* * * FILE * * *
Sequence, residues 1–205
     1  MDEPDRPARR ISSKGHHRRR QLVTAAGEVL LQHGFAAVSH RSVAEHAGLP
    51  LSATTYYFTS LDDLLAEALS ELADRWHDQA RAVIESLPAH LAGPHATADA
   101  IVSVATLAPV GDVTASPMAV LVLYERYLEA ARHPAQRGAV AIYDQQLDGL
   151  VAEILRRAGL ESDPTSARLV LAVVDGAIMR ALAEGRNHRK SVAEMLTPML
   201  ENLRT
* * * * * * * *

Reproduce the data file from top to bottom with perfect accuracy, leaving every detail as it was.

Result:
Sequence, residues 1–205
     1  MDEPDRPARR ISSKGHHRRR QLVTAAGEVL LQHGFAAVSH RSVAEHAGLP
    51  LSATTYYFTS LDDLLAEALS ELADRWHDQA RAVIESLPAH LAGPHATADA
   101  IVSVATLAPV GDVTASPMAV LVLYERYLEA ARHPAQRGAV AIYDQQLDGL
   151  VAEILRRAGL ESDPTSARLV LAVVDGAIMR ALAEGRNHRK SVAEMLTPML
   201  ENLRT